The MV Eva Jocelyn can still be found in a coastal village just west of downtown Tacloban. The cargo ship was swept inland when Typhoon Yolanda (international name Haiyan) swept into the city and other parts of Eastern Visayas almost two years ago, causing a powerful storm surge that left thousands dead in its wake. Now being converted into a memorial with a lookout on top, the ship holds a dark story, reminding people of a time when rescuers and volunteers searched the destruction to find bodies among the felled trees, electrical poles and rubble.

Two years have passed and the city managed to defy the odds and rebuild itself again. The physical scars are almost gone – downtown Tacloban is as bustling as any city can be – but the emotional scars remain. Tacloban will always remember the nightmare that was Yolanda, and the ship is now part of the city’s landscape, not so much as to remind locals and visitors alike the bleakness of that day, but how our faith in God and resilience can overcome any storms in life.

The coastal village of Anibong has rebuilt itself after bearing witness to the wrath of Typhoon Yolanda in 2013.
The cargo ship MV Eva Jocelyn, which was swept inland when Typhoon Yolanda hit Tacloban, is now being converted into a memorial.
Left, Barangay 58 in the Anibong District is back on its feet. Right, a young boy explores his neighborhood.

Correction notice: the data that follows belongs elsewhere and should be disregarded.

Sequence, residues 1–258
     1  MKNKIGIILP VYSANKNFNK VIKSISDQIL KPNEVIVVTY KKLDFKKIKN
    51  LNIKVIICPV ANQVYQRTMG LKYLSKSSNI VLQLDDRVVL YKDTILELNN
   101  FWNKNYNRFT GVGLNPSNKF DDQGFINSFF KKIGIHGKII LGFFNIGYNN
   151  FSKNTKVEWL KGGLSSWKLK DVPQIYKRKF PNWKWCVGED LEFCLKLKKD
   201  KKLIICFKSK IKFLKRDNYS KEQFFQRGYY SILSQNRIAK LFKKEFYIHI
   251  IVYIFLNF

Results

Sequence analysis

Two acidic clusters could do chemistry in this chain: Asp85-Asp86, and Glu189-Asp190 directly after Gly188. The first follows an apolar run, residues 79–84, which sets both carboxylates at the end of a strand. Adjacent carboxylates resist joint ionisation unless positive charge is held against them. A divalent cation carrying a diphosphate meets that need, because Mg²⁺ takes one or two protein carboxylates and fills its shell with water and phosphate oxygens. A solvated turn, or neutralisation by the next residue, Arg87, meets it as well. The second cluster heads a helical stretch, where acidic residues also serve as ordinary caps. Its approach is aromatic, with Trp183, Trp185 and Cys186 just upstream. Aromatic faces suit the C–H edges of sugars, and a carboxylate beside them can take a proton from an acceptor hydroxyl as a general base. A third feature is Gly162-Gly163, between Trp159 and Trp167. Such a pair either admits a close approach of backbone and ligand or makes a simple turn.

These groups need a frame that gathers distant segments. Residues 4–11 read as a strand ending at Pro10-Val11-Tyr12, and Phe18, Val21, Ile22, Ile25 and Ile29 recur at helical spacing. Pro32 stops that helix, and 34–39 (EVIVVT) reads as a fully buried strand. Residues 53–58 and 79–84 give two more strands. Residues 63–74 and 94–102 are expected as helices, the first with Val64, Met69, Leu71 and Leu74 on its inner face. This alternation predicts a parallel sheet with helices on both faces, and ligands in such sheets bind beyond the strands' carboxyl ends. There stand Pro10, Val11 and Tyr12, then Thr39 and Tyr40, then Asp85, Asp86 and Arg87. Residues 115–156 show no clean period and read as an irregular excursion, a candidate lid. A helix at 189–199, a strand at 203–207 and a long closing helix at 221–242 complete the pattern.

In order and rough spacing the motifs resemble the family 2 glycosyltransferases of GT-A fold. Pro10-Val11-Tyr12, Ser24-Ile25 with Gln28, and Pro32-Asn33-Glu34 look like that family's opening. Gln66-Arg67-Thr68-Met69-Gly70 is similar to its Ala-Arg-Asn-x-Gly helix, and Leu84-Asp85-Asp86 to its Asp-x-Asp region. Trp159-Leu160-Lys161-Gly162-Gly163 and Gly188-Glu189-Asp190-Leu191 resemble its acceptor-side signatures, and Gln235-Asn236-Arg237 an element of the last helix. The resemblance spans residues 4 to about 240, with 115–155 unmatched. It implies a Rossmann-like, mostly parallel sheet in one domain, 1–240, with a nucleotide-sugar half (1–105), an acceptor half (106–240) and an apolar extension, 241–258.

Children play on a weekend afternoon in the Anibong District.
Men pass away the afternoon weekend with a game of basketball.
The Tacloban Port played a major part in the rehabilitation of the city. Today it’s a venue of hectic activities even in a calm Sunday morning.
The multicab is a cheap way of getting around the city.
The Leyte Provincial Capitol once served as the seat of the Philippine Commonwealth Government under President Sergio Osmeña, Sr.
Left, the Liberty Plaza fronts the provincial capitol. On weekends it serves as a venue for locals’ various activities. Right, a sculpture foregrounds a large mural depicting the first Christian Mass in Asia.
The premises of the capitol building serves as a playground for these young girls on a weekend.
A waiting shed encapsulates the locals’ sentiment about their city.
Left, children bike in front of the Sto. Niño Parish. Right, a statue of the Philippine national hero stands on Rizal Plaza.
The Sto. Niño Shrine and Heritage Museum was built for former First Lady Imelda Romuladez Marcos, who hails from the province. The museum is currently undergoing renovation.
Left, a classical style statue adorns the lawn beside the ruins of People’s Center. Right, a couple enjoys the solitude beside the abandoned building.
Shortly after Yolanda, Yellow Doors Hostel opened, adding a new dimension to Tacloban’s tourist accommodation scene.
Left, the Ocho Seafood Grill is a popular restaurant among locals, serving a variety of ocean bounty cooked according to diners’ preference, such as, right, kinilaw na may coconut cream.
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